The secondary circuit 30 includes a secondary transformer coil 32, one side of which is electrically connected to one mechanical fitting 18. The secondary transformer coil 32 may be center tapped or may be adjustably tapped. The adjustable tap 34 illustrated in FIG. 3 is electrically interconnected to the other mechanical fitting 18. It will be appreciated that for embodiments having a center tapped secondary transformer coil 32, the center tap would be electrically interconnected to the other mechanical fitting 18.
The secondary transformer coil 32 permits a predetermined, controlled current 36 to be generated in the secondary circuit 30. For example, in an embodiment similar to that illustrated in FIG. 3, with the plug 24 connected to 120 volts AC, the center tap or the adjustable tap 34 is positioned so that a 5 volt potential is developed across the secondary transformer coil 32, thereby causing a predetermined controlled current 36 of 5 amperes to flow through the secondary circuit 30 and the resistively heated wire 20.
The resistively heated wire 20 may have a configuration as generally shown in FIGS. 2 and 3. The resistively heated wire 20 has first and second spaced apart legs 42, 42 which are configured for connection with the mechanical fittings 18, 18 and an intermediate portion 44 electrically interconnecting the legs 42, 42. The intermediate portion 44 is formed to include a well configuration for supporting a capillary column CC of predetermined external diameter.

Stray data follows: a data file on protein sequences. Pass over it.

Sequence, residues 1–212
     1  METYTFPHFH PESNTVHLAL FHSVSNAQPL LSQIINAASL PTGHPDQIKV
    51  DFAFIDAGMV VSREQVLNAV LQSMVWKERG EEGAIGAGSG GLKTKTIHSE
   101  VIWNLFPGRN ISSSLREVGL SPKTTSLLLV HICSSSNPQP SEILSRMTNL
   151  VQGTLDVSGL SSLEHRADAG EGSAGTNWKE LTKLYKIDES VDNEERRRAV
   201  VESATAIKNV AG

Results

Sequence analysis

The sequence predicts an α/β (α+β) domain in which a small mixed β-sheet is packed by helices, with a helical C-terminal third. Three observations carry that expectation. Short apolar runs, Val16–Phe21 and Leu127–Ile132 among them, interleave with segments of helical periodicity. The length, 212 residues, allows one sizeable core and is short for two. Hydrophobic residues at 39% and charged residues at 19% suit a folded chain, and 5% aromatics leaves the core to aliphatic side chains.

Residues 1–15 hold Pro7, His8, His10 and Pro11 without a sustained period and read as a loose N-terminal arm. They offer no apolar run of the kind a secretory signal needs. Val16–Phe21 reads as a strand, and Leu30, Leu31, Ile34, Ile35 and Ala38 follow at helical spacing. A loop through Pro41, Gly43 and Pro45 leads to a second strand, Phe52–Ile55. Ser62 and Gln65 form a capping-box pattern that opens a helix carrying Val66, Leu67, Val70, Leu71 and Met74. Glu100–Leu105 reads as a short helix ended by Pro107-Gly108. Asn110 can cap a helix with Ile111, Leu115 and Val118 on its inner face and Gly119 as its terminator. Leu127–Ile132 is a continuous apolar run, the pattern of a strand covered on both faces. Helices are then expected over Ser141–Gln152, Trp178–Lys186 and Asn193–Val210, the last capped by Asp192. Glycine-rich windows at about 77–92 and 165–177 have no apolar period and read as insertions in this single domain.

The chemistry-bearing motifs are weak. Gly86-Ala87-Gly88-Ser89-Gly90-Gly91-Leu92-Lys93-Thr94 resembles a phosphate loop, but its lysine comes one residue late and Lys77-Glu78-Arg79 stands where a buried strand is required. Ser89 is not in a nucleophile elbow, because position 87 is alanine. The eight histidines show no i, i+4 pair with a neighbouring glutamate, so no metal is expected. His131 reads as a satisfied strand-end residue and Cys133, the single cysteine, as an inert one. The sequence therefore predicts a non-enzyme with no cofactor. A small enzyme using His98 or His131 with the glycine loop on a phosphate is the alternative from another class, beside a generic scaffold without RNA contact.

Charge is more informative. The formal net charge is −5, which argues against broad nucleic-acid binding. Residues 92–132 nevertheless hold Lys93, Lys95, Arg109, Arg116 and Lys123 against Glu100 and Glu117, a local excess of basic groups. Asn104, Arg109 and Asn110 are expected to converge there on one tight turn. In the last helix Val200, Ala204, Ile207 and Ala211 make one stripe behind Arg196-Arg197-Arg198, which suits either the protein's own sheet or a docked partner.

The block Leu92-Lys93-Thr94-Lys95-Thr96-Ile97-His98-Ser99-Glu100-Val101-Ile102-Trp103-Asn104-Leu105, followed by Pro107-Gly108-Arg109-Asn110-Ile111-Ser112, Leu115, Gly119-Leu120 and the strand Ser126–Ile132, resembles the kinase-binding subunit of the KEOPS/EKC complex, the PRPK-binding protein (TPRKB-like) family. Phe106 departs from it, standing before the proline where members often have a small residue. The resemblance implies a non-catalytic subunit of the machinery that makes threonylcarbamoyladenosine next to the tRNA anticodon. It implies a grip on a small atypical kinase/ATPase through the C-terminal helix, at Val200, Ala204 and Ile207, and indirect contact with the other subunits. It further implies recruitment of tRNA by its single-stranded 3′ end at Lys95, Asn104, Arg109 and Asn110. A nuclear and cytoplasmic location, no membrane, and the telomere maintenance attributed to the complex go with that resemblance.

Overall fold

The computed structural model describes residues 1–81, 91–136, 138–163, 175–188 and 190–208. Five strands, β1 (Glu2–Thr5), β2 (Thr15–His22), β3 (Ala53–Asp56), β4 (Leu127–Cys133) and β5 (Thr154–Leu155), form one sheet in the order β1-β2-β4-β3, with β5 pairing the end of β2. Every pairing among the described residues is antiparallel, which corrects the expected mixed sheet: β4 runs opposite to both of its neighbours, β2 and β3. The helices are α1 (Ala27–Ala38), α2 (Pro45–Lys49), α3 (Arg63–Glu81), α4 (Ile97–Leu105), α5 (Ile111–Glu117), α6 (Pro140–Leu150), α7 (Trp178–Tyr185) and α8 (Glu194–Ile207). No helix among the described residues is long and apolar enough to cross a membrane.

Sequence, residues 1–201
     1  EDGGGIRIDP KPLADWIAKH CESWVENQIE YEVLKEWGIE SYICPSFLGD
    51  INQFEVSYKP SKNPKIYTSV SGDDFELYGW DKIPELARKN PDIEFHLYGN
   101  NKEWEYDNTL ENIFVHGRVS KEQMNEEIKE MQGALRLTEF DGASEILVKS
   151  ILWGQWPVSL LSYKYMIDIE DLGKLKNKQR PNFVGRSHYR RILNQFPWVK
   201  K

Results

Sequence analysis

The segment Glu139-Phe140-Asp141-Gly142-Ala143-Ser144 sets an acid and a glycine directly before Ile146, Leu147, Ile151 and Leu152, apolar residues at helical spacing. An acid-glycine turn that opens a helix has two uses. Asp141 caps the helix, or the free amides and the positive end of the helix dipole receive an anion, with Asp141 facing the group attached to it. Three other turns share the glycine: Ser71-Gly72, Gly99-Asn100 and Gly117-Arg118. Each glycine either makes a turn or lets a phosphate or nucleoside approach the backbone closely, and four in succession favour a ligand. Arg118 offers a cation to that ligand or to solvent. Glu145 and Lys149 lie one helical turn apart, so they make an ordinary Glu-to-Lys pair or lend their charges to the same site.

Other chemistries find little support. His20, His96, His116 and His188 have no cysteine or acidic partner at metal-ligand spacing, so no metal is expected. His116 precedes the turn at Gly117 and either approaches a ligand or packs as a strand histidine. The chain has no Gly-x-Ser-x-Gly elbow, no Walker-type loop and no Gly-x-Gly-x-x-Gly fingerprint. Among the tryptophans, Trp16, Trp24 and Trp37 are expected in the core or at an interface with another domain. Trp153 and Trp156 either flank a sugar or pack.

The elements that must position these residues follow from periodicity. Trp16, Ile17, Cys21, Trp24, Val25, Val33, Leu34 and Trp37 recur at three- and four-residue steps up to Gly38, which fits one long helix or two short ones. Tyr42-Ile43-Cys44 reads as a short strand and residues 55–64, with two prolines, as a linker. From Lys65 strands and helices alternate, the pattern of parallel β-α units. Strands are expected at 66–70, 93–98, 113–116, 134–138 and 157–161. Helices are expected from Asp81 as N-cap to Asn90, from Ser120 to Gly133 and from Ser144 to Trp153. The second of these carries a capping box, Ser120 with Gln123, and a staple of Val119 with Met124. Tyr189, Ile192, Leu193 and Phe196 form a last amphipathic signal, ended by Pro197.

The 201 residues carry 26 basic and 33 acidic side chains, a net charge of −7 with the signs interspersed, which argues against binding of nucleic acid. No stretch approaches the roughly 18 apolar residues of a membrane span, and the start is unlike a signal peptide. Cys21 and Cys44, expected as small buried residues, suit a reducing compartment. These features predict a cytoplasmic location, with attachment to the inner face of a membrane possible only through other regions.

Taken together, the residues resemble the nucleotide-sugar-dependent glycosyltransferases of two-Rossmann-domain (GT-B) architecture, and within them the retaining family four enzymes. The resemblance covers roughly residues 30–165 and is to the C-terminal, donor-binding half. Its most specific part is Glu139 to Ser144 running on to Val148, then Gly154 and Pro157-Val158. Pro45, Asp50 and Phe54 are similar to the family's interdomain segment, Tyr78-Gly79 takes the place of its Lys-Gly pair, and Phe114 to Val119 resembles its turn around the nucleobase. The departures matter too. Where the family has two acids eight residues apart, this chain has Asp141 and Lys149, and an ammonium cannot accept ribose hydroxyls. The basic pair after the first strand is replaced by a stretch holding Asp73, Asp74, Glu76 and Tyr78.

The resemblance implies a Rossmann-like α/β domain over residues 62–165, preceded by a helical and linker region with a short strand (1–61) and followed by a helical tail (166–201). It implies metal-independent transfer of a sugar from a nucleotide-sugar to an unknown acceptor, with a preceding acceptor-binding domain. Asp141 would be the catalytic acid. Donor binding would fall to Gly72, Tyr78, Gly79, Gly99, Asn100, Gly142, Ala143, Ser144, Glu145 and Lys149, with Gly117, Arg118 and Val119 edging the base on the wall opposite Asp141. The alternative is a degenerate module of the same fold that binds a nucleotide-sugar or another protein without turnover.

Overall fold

Alternatively, the intermediate portion 44 may have a straight configuration. In this embodiment, the capillary column CC is mounted in contact with the resistive wire 20 by resting the capillary column CC on the straight intermediate portion.
The resistively heated wire 20 exemplarily illustrated in FIGS. 2 and 3 generally has a length of about 3 inches. The wire 20 is formed from a conductive material such as 30 gauge nichrome which has a nominal resistance of about 1 ohm per foot. The gauge size of the heated wire 20 is one factor which determines the dimension of the window W which is formed in the capillary column CC by the window burner 10.